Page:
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10/18/2023 North Korea (International Christian Concern) – Russian Foreign Minister Sergey Lavrov is set to visit the isolated country of North Korea on Wednesday and Thursday. His visit comes on the heels of a rare in-person meeting in Russia between North Korean Supreme Leader Kim Jon Un and Russian President Vladimir Putin in September. 

Russia is a critical lifeline for North Korea, which is mostly choked off from the rest of the world economy by a raft of international sanctions designed to pressure the totalitarian regime on its failing human rights record. North Korea, for its part, views separation from the outside world as an essential part of its foreign policy and works vigorously to stamp out religion within its borders, including “Western” Christianity. 

Independent thought is strictly prohibited in North Korea, with religious belief a particular target of state censors. Anyone caught with a Bible, listening to Christian broadcasts from South Korea on the radio, or even in private prayer is subject to severe punishment. Those caught, and often their families and friends as well, are swept away and held indefinitely in one of North Korea’s many political prisons, where they are exposed to the most extreme human depravity imaginable.  

Severe torture is common in North Korean prisons, with survivors reporting particularly harsh treatment for religious prisoners. Mothers are made to watch as their children are murdered, and inmates are sold to Russia to work as laborers in large, state-run projects in Siberian-based work camps that help to raise desperately needed cash for the North Korean state. 

Religious freedom advocates around the world have long called attention to the atrocities taking place in North Korea. Currently led by Kim Jong Un, the authoritarian regime aggressively prosecutes anyone deemed to be working against the interests of the state. Actions as simple as praying, talking about the Bible, and sharing one’s faith can lead to beatings, years of imprisonment, and even torture.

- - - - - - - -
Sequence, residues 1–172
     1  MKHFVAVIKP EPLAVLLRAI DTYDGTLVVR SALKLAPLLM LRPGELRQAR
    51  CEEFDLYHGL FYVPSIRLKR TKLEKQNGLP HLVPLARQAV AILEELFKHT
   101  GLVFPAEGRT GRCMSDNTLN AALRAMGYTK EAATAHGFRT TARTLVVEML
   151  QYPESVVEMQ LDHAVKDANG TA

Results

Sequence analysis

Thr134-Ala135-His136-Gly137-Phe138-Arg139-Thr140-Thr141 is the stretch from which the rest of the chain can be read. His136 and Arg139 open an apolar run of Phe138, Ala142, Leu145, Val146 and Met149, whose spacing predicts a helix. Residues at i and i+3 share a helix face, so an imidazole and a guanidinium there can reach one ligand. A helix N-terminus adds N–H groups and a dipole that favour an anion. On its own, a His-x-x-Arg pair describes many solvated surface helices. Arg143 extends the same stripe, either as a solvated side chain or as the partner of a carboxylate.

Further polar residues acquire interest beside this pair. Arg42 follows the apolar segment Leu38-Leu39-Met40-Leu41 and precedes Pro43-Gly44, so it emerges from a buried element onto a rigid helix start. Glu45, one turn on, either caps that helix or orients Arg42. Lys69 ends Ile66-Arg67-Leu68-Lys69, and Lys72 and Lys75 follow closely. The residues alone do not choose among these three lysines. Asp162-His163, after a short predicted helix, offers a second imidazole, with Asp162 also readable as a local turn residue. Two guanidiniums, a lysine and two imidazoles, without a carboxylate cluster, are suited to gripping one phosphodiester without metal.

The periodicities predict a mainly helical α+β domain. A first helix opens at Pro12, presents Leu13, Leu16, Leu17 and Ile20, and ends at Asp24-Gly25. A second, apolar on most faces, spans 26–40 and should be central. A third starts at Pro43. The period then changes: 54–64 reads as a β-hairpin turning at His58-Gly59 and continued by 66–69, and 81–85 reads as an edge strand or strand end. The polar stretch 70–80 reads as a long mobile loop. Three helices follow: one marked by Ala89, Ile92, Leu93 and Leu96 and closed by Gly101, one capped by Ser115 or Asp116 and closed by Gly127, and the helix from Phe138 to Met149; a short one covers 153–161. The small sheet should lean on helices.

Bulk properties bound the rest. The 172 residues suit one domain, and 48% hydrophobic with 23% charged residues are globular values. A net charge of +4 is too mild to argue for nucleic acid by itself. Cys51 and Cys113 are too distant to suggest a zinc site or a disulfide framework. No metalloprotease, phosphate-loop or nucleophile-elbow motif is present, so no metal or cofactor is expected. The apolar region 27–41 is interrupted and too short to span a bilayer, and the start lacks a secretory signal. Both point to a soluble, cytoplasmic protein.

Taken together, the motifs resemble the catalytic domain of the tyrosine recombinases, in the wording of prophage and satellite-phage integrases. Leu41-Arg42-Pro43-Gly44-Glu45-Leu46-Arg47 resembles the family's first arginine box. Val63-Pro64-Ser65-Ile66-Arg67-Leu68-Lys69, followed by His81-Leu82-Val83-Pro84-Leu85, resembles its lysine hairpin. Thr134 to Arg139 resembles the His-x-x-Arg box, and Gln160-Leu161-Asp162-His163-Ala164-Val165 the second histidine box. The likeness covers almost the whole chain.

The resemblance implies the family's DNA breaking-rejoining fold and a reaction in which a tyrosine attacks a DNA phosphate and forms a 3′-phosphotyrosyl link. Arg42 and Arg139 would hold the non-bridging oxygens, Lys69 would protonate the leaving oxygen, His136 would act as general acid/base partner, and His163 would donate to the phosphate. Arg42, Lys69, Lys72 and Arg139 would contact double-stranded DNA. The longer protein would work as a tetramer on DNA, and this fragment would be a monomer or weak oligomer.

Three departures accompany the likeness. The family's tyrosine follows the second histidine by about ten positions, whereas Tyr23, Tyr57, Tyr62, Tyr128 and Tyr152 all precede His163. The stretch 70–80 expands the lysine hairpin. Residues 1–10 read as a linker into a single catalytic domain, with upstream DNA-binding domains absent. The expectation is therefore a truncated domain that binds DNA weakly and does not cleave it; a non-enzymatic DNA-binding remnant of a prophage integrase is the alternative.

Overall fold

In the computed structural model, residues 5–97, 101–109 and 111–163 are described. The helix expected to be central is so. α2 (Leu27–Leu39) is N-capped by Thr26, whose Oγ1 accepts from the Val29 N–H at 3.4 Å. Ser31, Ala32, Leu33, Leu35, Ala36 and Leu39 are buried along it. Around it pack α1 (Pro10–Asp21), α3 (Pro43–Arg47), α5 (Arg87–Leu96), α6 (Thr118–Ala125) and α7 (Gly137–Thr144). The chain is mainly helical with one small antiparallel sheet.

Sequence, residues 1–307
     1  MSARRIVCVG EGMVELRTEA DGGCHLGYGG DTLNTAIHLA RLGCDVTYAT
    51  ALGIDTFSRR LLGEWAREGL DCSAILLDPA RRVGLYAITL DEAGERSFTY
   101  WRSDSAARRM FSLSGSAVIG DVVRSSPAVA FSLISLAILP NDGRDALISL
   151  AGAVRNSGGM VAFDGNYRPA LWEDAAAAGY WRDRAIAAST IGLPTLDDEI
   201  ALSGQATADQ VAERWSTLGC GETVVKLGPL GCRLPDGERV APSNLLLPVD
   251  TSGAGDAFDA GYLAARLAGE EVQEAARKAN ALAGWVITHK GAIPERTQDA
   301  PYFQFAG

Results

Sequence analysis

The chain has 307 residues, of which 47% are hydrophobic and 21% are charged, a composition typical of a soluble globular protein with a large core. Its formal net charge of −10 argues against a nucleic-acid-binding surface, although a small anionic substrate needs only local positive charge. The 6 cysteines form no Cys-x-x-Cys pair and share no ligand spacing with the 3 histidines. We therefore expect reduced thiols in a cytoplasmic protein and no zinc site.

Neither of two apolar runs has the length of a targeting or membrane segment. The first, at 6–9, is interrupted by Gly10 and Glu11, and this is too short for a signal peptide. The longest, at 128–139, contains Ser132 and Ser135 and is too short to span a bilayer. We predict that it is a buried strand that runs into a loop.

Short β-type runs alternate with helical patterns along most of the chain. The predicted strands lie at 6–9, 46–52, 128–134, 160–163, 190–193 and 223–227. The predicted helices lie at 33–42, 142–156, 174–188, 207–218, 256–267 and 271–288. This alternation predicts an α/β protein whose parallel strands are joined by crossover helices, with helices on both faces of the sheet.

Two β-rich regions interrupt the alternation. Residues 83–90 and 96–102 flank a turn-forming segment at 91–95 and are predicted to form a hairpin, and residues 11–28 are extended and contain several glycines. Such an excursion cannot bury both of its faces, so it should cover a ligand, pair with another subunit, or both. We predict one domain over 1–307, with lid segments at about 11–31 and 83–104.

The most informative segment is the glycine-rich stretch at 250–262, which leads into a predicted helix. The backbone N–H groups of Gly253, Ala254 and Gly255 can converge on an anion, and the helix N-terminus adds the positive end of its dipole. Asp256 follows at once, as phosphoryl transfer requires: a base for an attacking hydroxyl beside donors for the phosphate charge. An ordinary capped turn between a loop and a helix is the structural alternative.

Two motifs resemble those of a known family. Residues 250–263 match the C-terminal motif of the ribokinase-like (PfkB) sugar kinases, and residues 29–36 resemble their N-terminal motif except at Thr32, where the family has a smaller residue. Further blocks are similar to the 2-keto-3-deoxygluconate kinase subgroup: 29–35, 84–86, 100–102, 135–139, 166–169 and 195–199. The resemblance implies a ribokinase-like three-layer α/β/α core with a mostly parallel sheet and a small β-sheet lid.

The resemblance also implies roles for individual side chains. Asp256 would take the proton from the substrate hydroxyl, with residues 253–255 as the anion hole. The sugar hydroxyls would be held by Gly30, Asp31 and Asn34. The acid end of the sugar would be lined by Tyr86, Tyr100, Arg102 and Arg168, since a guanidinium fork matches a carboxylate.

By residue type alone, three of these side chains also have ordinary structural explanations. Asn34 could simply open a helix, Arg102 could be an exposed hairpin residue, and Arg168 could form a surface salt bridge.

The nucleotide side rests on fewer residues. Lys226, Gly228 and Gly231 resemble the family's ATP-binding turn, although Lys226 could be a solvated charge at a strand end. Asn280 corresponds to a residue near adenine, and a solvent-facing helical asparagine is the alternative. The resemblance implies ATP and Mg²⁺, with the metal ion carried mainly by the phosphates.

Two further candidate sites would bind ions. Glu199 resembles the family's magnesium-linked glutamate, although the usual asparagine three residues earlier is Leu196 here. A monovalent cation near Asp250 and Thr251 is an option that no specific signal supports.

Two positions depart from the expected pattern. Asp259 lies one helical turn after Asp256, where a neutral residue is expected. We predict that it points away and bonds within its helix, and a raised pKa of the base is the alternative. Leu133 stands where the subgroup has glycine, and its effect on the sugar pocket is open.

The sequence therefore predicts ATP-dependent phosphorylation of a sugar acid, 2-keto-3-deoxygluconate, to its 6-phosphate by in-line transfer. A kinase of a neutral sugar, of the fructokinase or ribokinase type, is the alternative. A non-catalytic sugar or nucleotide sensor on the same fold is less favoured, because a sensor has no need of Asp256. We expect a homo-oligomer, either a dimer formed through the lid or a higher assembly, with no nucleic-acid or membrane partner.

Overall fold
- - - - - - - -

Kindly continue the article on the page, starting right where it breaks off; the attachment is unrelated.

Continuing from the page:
A UN report highlights several areas of particular concern, including extremely harsh conditions in the country’s prison system and the torture of prisoners of conscience. The North Korean government, the report states, “is engaged in a systematic and widespread attack against people considered a threat to the country’s political system and leadership, including people who practice [sic] religion.” As part of this attack, people exercising their religion are “systematically imprisoned without due process and are subjected to harsh treatment for exercising basic human rights.”  

Despite the persecution, former North Korean prisoners report that some Christians are courageous enough to share the Gospel with their fellow inmates, host silent prayer gatherings, and share contraband scripture at the risk of their lives. It is essential that the international community, including South Korea, band together to push for the advancement of human rights in North Korea. North Korea’s many innocent civilians deserve no less. 

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